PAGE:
A common characteristic in the Northside-Southside rivalry has been the various siblings who have suited up for different schools, regardless of sport. Holmes remarked that really hasn't been the case with the JT-Lee rivalry, but the Red Raiders do have one player whose brother played for the Lions.


"That has only really happened one time here because most people, they pretty much stay on the same side and the only reason that happened was because the lines got redrawn and one of those kids ended up going to the other side. ... The kid that plays for Lee now, I coached his brother two years before he went to high school," Holmes said.


Just like nearby schools in Fort Smith like Greenwood and Alma have made strides in growth and population over the years, not to mention athletic achievements, so too has the surrounding towns in Tyler.


For instance, there's Whitehouse, located approximately 10 miles south of Tyler which has received a big boost as the alma mater of recent Super Bowl MVP Patrick Mahomes, the Kansas City Chiefs' quarterback. Other nearby schools like Chapel Hill and Lindale (where Mahomes’ father, former Major League Baseball pitcher Pat Mahomes, hails from) have strong traditions as well.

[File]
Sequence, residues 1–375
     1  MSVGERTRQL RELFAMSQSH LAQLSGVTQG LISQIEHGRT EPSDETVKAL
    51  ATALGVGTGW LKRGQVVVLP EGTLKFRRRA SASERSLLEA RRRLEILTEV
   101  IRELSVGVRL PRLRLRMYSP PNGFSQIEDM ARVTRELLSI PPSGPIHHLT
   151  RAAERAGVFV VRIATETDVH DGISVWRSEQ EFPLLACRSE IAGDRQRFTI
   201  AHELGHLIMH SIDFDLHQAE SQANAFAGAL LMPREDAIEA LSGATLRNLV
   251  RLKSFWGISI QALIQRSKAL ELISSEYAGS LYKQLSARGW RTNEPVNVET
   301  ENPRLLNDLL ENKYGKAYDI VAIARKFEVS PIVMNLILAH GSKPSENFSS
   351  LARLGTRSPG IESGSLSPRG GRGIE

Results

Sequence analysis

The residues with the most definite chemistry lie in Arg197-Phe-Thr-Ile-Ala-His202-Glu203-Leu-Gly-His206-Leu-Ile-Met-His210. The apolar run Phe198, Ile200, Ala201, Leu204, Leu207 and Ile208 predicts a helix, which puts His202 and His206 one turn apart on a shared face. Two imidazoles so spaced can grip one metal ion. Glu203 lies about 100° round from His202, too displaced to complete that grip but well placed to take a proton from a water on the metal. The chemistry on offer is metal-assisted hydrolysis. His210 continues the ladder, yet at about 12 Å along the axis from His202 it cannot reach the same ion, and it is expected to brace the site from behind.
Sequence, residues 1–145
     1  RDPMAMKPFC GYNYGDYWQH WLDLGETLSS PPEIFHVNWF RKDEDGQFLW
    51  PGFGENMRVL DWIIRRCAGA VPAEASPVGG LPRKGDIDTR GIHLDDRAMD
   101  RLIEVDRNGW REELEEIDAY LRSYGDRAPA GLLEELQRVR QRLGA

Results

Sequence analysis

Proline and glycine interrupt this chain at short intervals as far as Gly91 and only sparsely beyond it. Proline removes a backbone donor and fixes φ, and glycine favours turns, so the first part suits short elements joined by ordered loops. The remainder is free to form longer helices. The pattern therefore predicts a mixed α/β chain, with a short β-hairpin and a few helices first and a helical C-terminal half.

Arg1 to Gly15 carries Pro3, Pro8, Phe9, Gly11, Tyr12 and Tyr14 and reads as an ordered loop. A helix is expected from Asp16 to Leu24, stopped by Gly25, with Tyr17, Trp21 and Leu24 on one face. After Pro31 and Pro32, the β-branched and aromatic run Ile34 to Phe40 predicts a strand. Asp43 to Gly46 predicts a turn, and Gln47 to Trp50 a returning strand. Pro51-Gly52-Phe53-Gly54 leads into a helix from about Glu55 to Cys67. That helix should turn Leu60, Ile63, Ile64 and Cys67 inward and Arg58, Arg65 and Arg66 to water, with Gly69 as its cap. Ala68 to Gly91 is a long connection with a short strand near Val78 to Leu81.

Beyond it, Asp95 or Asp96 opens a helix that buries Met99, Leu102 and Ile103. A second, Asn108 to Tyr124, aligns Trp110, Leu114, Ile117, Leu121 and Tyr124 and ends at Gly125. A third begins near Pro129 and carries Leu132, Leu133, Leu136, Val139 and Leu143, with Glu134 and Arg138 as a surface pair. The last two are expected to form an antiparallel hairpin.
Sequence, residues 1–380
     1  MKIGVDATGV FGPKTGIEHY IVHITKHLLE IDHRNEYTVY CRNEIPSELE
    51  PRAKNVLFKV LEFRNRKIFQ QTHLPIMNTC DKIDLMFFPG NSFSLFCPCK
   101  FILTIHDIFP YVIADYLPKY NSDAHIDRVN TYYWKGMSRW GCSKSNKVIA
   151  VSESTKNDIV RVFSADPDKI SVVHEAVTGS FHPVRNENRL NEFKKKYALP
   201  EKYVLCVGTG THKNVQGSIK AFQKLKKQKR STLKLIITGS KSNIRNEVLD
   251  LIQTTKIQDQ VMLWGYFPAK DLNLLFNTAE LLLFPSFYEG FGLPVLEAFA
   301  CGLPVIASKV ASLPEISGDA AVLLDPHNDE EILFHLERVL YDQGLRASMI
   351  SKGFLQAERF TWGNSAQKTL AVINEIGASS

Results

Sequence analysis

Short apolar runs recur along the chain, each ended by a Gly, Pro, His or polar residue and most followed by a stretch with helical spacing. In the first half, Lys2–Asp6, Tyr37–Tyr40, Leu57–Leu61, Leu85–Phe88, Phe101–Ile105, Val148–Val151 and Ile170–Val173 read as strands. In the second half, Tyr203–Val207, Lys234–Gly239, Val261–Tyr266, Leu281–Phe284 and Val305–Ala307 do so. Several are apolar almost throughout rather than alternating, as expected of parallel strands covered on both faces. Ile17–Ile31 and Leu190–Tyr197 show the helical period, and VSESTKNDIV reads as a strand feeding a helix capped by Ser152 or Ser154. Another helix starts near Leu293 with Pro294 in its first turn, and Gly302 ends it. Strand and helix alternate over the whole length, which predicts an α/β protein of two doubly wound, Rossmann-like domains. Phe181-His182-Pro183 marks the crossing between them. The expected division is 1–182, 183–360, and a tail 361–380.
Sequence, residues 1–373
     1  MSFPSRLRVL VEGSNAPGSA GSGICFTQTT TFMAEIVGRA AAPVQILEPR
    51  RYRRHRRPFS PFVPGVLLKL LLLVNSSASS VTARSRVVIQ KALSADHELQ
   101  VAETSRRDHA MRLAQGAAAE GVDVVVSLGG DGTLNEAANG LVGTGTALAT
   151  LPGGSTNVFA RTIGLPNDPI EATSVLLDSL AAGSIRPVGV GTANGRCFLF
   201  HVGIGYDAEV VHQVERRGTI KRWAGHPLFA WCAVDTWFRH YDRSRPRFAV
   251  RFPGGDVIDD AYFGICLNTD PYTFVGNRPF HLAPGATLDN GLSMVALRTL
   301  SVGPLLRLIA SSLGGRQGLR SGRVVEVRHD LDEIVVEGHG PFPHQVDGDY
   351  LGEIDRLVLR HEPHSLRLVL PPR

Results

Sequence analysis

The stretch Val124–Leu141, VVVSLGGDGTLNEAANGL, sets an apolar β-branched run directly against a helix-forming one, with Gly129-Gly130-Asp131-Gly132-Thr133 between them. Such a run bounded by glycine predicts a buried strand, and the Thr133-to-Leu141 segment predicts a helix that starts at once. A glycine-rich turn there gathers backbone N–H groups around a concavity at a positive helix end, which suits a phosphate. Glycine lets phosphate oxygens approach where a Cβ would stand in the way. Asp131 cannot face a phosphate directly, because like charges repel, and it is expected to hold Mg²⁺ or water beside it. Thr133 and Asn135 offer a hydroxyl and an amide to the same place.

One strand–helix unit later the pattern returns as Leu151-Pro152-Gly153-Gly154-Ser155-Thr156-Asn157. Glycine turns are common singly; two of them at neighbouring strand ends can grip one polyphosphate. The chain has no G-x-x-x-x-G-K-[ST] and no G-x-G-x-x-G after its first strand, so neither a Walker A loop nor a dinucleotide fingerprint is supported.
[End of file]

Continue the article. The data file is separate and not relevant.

But in Tyler, more often than not, it still comes down to John Tyler against Robert E. Lee. Or whatever the schools will be called when the two teams square off in football this fall.


Last month, the TISD's Board of Trustees unanimously voted to rename the two high schools due to its respective namesakes' ties to slavery and the Confederacy.


In a matter of weeks, the schools' new names will be revealed, though Willis confirmed that both teams' mascots will remain the same.


Whatever the names, the rivalry in Tyler should remain the same intense game people have known around these parts for years. Whether the Lions and Red Raiders are district rivals or not.


Perhaps that can be the case for the Grizzlies and Mavericks starting this school year as well.


"That's never going to lessen, that's never going to lessen," Holmes said of his city’s rivalry.


"I think one thing I've noticed is the involvement of the fans. I think there's a little bit more involvement in it from a fan standpoint; not the students because the students will always be involved but just that fan standpoint. Everybody's being involved, everybody having a dog in the fight basically."